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Published: 2004/04/08
by Mike Greenhaus

Trachtenburg Family Slideshow Players, Makor, New York, NY-3/27

Jason Trachtenburg kick started his career parodying other people's family vacations. So it makes sense that the guitarist's Saturday night show at Manhattan's Makor played out like a dysfunctional family dinner.

A slim, bi-spectacled singer-guitarist, who sports a Rick Moranis look of bewilderment, Trachtenburg talks just like any other member of the East Village's intellectual Hipster community. In fact, until just a few years ago, it looked like Trachtenburg was destined to be a footnote in the city's Lo-Fi, anti-folk community; a semi-successful songwriter loosely aligned with alt-rockers the Presidents of the United States. But, three years ago, Trachtenburg stumbled upon an unlikely pop hook: his six-year old drummer daughter.

Recruiting young Rachel as his drummer, and wife Tina as his projectionist, Trachtenburg turned himself into a cut-hero of sorts, writing short, quirky songs based upon a series of vintage slides his family acquired at local tag sales. A vaudevillian stage show in everything but name, The Trachtenburg Family Slideshow are, perhaps, the most unique trio touring today. Mixing Woody Allen-style comedy and stream of conscious pop, The Trachtenburg Family Slideshow Players craft bizarre, challenging songs that buzz like mainstream radio in everything but subject matter. Their songs are short, catchy and packed with hooks, yet Jason's words ramble like the most odd-ball Frank Zappa compositions. Packing Upper Manhattan's Makor with a nervous mix of music and comedy, The Trachtenburg's made it nearly impossible to distinguish between reality and fiction. In fact, given Makor's Jewish cultural center local, at times the trio's interaction played out more like a traditional, family dinner than a rock and roll concert. Throughout their hour-long performance, husband Jason narrated, taking himself out of the group's stage-show like setting. At times he seemed to interact with his audience like George Burns during his classic television program, poking fun at himself and helping move his concert through its various segments. Yet, the most endearing moments arrived when the trio stepped away from their shtick, interacting like, well, a normal Jewish family. Family members even manned the merchandise stand, selling home sewn Rachel dolls at a discount price.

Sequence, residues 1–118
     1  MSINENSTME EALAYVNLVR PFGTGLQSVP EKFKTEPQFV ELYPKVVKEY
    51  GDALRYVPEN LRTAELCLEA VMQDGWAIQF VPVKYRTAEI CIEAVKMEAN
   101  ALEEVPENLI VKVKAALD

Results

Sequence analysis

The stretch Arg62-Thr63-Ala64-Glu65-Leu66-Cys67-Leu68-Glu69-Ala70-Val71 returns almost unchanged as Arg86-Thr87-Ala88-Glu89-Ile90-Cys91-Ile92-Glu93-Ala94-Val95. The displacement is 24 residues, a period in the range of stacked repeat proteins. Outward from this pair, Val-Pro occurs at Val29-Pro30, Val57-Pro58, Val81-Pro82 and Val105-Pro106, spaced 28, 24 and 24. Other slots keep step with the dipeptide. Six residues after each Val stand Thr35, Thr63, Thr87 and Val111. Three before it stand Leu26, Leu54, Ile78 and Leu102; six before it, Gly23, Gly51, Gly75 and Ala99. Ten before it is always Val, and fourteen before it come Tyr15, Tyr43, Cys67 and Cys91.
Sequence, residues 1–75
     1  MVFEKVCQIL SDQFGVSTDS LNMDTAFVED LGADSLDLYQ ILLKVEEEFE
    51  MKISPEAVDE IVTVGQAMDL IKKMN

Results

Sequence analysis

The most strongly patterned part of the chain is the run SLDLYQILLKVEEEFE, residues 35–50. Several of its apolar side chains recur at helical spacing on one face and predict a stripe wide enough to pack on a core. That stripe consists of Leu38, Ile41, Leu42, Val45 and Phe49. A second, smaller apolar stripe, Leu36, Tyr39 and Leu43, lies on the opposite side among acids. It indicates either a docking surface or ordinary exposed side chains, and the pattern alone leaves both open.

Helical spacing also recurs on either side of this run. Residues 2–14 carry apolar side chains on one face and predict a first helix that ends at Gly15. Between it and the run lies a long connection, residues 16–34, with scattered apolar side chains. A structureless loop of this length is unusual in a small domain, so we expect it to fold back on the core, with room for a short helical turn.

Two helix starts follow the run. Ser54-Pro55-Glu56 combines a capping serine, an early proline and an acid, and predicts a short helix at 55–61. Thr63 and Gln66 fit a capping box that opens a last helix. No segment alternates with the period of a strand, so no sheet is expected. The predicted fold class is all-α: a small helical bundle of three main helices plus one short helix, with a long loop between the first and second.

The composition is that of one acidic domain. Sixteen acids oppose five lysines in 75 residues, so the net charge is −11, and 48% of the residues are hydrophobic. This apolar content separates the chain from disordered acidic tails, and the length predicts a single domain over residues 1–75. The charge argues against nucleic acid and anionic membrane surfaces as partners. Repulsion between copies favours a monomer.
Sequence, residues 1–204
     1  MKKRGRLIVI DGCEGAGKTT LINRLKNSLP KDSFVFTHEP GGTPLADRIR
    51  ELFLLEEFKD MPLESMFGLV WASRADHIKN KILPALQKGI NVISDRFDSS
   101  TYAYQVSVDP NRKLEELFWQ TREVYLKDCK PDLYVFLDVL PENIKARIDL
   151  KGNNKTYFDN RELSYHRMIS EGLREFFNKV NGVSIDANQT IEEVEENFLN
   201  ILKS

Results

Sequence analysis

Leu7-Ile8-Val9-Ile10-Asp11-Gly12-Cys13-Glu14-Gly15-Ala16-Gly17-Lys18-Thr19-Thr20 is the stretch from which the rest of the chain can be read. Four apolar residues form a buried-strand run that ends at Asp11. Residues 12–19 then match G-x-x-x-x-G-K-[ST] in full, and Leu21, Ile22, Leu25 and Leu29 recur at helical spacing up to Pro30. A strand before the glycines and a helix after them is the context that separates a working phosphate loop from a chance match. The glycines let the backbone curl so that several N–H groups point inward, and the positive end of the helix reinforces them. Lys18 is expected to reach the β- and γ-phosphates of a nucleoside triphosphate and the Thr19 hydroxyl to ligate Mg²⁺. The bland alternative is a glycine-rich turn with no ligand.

Opening with a short ditty, appropriately dubbed the "Trachtenburg Family Slide Show Players Theme Song," Jason and his family fashioned themselves indie-rock's answer to the Partridge family. Only, unlike that fictional collective, the Trachtenburgs are, actually, a real family, living, breathing, and poking fun at life's little idiosyncrasies. So, while Jason spewed out short, amusing stories like "Eggs" and "Fondue Friends in Switzerland," it was easy to think of these bizarre asides as the random thoughts popping into a bored suburbanite as he strolls through a wholesome family vacation. As their theme song explains, the Trachtenburg's tour in an old '93 Suburban — a real family living out their bizarre tales. Joking about a poorly received radio performance from the night before, Jason set himself up as a perpetual loser turning his repressed thoughts into odd-ball musical moments. Where fiction and reality crisscross is truly convoluted.

Never one to play second fiddle to her husband, Tina Trachtenburg acted as a virtual musician, clicking her slides in time with Jason's bizarre guitar-and-piano jams. With a fondness for outdated 1960s and 70s slides, Tina pushed the Slideshow Player's musical envelope, making fun of the staged poses and odd objects that are often the subject matter of family photo albums. A rounded, unnatural red-head, whose style is strangely akin to Sharon Osborne, Tina Trachtenburg crafted her slides in the same genre of Jason's songs: lo-budget and at times out of focus. Sitting quietly at her drum-set, Rachel played sympathetically, with a style that recalled Meg White rather than the smart-pop players that her father favor's. Then again, at age nine, it's hard to criticize Rachel's solid rock performance.

Perhaps the most enjoyable part of the Trachtenburg Family's show was the evening's extended musical suite: a "rock-opera" based around a vintage set of slides from a 1977 McDonalds corporate meeting. A humorous parody of corporate America, the Trachtenburg's song titles provide a nice synopsis of the six-minute opera: "OPNAD Contribution Study Committee Report, June 1977," "What Will The Corporation Do?," "Wendy's, Sambos, and Long John Silver's," "Let's Not Have the Same Weight in 1978 – Let's Have More," "Why Did We Decide to Take This Decision to You?," and "Together As a System We are Unbeatable."

But, like the best reality television, the most fascinating element of the Trachtenburg's performance was their family interaction. In an odd way, the Trachtenburg's have found the endearing epicenter of reality-entertainment: a simple family trying to succeed in the music industry. Between Jason's nervous laugh and Tina's shameless merchandise plugs, the Trachtenburg's homegrown musical drive gave their show a tangible element of reality. Likewise, the trio's quirky performance approach has made them a natural fit at festivals like Bonnaroo. Perhaps, one day, the trio will most likely be the subject of a particularly revealing episode of Behind the Music. But today there is still comfort knowing that the Trachtenburg's will end their show with a closing theme song.

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